Happy 204th birthday Mexico! In celebration of the occasion, I'm introducing a new series: Anthemology. This series will focus on the roots of and relationships between national anthems the world over, letting us learn about a nation's psyche by the symbols it chooses for itself.
Today we look at Mexico's national anthem, a belligerent, patriotic march written by a love poet and a Spaniard.
After a national lyric-writing contest was announced in 1853, the romantic poet Francisco González Bocanegra was forced to enter by his then-fiancée Guadalupe del Pino. With her parents' help, she led him to a room and locked him in until he had written something worthy. Several hours later, he slipped the pages meekly under the door, met with her and her parents' approval, and was released. Several days later, his lyrics were unanimously chosen by the panel as the winning entry. Francisco and Guadalupe were married later that year.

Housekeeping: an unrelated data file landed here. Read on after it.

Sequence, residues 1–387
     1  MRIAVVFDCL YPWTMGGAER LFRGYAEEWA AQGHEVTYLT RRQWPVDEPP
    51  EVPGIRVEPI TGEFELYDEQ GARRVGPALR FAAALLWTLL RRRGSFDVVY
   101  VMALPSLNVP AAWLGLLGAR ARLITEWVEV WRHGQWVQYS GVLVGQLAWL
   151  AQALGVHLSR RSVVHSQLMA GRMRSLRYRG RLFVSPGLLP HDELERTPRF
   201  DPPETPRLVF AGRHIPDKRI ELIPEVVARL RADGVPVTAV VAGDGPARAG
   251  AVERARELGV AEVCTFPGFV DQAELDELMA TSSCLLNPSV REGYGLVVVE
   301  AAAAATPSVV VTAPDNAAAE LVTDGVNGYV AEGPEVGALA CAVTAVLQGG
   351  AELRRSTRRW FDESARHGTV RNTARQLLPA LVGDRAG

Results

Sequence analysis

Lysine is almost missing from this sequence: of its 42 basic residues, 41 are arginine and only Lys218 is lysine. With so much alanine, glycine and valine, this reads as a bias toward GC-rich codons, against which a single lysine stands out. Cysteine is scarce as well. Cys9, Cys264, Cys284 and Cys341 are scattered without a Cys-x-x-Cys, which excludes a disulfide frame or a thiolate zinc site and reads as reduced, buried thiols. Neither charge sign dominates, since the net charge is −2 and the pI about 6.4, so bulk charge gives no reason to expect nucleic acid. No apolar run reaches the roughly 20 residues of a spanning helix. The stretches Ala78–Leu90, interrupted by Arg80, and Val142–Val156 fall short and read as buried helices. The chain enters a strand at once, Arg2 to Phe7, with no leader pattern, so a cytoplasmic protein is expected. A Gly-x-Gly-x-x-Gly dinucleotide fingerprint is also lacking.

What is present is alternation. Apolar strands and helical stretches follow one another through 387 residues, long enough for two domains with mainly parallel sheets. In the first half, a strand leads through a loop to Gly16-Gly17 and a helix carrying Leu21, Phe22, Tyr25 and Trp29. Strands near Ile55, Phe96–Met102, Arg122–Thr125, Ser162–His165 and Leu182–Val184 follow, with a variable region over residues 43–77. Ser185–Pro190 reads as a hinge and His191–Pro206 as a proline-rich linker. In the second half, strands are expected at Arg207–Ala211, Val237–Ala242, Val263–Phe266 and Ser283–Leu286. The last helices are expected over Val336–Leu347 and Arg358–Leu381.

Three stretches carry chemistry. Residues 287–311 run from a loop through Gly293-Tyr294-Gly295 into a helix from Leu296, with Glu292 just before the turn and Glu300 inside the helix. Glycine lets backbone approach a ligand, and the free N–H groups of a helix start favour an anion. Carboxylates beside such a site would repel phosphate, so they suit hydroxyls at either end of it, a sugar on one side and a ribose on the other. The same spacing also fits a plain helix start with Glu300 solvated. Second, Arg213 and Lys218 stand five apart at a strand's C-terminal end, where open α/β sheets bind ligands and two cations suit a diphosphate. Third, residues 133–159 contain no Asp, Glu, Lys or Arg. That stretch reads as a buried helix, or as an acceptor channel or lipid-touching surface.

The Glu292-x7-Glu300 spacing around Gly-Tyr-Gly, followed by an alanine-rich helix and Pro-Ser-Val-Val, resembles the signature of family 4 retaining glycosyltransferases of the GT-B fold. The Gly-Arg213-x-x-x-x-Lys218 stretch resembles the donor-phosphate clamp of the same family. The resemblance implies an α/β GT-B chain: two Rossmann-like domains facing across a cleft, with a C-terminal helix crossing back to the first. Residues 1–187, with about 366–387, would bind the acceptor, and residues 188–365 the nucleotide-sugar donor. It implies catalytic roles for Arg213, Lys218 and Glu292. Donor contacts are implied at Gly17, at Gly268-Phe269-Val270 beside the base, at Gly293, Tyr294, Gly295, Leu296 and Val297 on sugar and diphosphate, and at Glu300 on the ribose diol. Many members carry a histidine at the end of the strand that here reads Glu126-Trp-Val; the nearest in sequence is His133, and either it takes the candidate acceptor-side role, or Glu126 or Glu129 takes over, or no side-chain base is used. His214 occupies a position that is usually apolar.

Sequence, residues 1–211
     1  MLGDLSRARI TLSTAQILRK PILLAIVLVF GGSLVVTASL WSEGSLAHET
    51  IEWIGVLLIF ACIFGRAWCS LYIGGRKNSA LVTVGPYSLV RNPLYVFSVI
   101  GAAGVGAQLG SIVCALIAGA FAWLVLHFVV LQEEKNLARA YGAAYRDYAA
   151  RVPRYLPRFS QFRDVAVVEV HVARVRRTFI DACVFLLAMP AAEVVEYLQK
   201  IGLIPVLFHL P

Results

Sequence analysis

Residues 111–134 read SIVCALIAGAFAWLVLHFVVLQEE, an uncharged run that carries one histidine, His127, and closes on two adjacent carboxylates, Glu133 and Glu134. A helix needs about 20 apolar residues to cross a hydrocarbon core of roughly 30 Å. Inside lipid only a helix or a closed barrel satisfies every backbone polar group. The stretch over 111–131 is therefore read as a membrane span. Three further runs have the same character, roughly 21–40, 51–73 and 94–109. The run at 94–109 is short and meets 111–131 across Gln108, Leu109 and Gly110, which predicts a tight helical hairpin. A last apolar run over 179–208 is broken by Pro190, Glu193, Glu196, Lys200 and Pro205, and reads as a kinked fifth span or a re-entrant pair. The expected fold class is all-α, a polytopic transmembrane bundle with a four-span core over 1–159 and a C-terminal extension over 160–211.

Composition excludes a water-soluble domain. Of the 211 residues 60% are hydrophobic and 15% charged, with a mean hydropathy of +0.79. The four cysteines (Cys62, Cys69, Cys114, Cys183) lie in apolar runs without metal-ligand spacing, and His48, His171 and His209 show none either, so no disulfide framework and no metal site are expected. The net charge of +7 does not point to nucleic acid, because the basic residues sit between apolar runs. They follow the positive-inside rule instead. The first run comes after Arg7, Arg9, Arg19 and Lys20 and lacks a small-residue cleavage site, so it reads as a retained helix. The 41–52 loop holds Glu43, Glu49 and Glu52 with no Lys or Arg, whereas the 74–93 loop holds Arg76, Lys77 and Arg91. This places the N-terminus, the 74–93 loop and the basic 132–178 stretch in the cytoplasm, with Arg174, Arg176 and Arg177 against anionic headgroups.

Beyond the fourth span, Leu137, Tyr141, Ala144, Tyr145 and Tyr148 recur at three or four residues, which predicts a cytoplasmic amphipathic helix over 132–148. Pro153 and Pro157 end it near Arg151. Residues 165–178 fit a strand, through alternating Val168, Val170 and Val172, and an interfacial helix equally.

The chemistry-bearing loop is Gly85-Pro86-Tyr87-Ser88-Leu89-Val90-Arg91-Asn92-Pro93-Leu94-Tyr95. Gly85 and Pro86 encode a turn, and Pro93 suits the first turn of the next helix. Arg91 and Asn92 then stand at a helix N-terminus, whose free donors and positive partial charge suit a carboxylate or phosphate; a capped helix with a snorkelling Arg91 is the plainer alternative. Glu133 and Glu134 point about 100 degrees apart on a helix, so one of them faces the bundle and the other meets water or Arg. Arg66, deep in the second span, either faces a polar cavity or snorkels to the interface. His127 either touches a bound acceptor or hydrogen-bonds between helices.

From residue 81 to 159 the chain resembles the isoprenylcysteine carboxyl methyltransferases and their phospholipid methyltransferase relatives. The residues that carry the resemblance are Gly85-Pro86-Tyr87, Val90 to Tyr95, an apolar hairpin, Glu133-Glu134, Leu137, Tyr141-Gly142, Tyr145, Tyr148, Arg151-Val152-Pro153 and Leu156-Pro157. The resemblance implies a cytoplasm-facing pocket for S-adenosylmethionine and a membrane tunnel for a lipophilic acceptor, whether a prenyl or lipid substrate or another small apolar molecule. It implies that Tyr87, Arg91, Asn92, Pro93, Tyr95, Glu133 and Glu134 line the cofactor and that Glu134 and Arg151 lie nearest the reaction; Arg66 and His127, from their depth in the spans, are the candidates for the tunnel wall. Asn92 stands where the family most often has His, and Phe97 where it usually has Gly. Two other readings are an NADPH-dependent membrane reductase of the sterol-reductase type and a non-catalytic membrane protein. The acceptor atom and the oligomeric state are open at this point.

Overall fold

The music contest was exciting in a different way: The first winner was quickly deemed to be, well, bad, so the government held a second contest. This time, the winning entry quickly became beloved, despite the awkward detail that the march was written by a Spaniard.
Since then, Mexicans at the Cry of War has represented the country on all stages, despite its belligerence sometimes being a subject of debate.
On a personal note, my string quartet Sin Tregua deals (with dubious legality) with the horrors of and government ineffectiveness in the ongoing drug war in Mexico. Take a listen and see if you can hear the anthem emerge.